The schedule was schön übersichtlich: Anreise Berlin, visit to the LCB, train to Leipzig, visit the book fair and a reception or two and then head off home.
I thought I'd get on the train home, check my notes and maybe write a summary of the past few days. Instead I fell asleep and dreamt about words and books and the people and places I'd just got to know.
I can never just go to Berlin - I always go back to Berlin. I don't think I know another city where past and present are so present. My great new thing to take away was LesArt - this is something every country should have: an independent Stelle (I'm hoping this is the one blog where we're allowed to do Salatspeak) for introducing literature to kids, with the most amazing ways of making them, you, us in our case, want to get to the bottom of storytelling. Sabine Mähne had us hooked the moment she asked us each to choose one of the objects she had set out for us (magnifying glass, paper weight, ball of wool...). I hope she's wrong in thinking that something this fantastic needs a Wende to come into being.
Then we had time for a first get to know (siehe Reiseprogramm, gemeinsames Abendessen). There we all were: translators and journalists and publishers, all fluent in German and all interested in the same stuff. Just imagine meeting people who have translated Michael Ende, Christine Nöstlinger, Cornelia Funke and and and! And this was day one!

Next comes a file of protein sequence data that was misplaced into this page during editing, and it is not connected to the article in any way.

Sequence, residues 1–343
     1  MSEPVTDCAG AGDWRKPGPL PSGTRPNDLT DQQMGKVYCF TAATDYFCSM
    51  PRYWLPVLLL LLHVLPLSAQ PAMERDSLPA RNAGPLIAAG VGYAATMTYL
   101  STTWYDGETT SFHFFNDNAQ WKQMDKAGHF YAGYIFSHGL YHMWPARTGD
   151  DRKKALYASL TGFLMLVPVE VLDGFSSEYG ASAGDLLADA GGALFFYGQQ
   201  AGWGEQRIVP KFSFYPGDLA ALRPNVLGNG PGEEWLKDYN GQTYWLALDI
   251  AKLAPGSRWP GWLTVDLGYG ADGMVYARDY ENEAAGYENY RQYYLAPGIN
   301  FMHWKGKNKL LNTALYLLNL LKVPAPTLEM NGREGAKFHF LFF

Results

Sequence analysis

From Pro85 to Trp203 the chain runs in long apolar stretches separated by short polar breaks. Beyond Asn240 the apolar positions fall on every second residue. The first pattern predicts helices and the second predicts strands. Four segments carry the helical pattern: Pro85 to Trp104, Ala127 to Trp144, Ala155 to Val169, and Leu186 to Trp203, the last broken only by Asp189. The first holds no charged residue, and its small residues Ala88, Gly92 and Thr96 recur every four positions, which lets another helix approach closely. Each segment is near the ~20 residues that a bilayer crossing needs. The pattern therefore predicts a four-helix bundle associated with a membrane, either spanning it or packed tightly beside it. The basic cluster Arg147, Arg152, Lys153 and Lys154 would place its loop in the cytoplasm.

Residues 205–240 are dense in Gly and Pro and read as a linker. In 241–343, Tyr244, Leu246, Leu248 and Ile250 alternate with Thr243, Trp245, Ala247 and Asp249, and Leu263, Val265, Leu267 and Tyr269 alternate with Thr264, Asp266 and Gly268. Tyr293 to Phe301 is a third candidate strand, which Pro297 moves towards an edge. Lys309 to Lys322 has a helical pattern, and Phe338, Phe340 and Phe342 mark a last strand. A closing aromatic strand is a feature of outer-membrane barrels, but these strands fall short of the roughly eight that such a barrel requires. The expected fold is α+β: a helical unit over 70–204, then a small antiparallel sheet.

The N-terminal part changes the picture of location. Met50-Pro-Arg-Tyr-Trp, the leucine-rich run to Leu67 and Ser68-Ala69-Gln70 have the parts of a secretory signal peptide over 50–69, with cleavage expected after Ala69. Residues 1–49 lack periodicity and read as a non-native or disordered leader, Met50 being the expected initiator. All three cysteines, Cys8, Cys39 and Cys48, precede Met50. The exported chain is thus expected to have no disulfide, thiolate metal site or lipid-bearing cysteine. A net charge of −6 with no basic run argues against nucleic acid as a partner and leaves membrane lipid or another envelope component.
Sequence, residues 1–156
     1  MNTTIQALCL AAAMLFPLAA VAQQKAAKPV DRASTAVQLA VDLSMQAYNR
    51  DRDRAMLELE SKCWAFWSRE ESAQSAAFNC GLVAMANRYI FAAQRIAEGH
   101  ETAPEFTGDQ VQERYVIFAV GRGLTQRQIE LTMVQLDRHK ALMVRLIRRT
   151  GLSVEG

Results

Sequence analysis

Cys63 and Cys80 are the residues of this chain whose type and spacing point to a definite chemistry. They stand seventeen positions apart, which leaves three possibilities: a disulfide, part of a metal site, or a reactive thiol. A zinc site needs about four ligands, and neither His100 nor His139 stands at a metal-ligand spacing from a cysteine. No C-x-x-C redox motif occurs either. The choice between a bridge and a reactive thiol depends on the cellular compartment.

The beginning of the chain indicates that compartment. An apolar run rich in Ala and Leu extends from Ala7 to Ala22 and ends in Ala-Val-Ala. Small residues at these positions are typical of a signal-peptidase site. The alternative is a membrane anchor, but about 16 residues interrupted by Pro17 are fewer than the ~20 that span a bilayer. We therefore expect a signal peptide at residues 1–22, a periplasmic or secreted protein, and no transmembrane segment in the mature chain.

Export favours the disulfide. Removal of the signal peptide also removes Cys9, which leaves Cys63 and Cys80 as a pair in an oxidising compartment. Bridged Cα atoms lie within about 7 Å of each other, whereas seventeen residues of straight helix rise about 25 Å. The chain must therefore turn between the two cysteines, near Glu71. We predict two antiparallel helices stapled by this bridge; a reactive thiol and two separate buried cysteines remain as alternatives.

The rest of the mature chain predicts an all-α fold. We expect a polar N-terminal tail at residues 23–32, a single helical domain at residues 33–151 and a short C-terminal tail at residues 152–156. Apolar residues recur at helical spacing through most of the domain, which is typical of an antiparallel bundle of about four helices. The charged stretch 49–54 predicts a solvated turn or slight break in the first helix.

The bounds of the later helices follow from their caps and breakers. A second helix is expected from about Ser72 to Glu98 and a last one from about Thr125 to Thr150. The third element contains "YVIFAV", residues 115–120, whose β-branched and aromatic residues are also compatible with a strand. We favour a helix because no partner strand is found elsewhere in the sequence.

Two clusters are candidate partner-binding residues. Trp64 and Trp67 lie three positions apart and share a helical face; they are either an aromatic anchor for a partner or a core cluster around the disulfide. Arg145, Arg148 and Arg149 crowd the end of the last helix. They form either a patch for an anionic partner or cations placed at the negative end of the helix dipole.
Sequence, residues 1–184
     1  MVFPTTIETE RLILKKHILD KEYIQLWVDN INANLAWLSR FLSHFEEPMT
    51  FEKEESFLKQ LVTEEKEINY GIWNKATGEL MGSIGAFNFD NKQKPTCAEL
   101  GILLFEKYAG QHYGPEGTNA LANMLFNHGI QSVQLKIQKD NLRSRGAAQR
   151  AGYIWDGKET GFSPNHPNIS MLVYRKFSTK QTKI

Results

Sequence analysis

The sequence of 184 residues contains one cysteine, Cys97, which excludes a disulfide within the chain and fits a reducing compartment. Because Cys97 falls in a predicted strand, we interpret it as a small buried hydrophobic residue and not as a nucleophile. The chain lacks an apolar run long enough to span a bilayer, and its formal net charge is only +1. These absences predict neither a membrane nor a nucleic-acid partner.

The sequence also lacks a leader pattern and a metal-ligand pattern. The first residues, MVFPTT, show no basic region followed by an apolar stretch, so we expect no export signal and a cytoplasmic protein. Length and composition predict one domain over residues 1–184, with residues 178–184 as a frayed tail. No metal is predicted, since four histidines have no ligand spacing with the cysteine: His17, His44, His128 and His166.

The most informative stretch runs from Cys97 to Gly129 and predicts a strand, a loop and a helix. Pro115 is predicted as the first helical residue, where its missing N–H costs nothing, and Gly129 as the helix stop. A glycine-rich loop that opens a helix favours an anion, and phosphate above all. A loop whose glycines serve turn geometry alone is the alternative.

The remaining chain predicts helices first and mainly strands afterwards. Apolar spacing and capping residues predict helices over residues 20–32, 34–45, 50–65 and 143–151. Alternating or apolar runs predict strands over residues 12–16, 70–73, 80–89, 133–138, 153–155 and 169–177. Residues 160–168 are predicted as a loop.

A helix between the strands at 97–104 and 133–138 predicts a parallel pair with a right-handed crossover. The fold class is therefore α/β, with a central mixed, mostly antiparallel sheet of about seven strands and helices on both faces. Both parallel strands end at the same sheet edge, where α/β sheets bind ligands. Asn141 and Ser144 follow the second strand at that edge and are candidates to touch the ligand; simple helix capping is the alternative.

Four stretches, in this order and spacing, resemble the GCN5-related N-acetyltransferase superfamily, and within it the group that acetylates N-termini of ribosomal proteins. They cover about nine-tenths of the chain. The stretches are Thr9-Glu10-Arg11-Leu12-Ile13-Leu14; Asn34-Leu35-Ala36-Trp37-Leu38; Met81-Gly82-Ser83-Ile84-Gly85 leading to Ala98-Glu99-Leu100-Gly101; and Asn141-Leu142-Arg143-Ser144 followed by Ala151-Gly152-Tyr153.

First thing next day we headed out to the Literarisches Colloquium at Lake Wannsee. If you've studied German Lit., you'll understand that this is a bit of a Mecca. I had two voices going on in my head: I'm here, I'm here, I'm here, and: it's actually ok, it feels fine! I was personally really pleased to meet Katy Derbyshire there, who has just been awarded the German Embassy Translators' Award. And we got to listen to Annett Gröschner and Albrecht Selge who have recently published novels which could (also) be considered Berlinromane.
The next two days were Leipzig Book Fair days. The Leipzig Book Fair is a dive-in, dash, rumble, love AND enjoy affair. If you can cut yourself in four while squaring the circle, you'll get the best deal. If that's not possible and you love books, you will still be overjoyed. A short list of amazing things: the nominations for the children's book prize, the nominations for the grown-ups book prize, interviews auf dem blauen Sofa, readings by very many established and unestablished authors, the LCB discussion on translation and the fact that the local schools give their pupils a day off to visit the fair. PLUS the Rahmenprogramm. If anyone's worried about the future of German writing all they have to do is go to the Lesenacht. My favourite reading was by young writers from the Leipzig Literarinstitut.
BUT THE VERY BEST THING was our group: being able to talk to people who do the same thing, who worry about words, think about impact, know about differences, want to communicate. We talked about words! Selbstgerecht, gemütlich, Sehnsucht, frumpy. And about characteristics, hairstyles, shoes, flowery prints...in Germany, Holland, Ireland, Scotland, Iceland, Norway, Sweden and Finnland. And Elisabeth war immer da -she made sure we had our tickets, suggested venues, got us talking, moved us on - she was wonderful.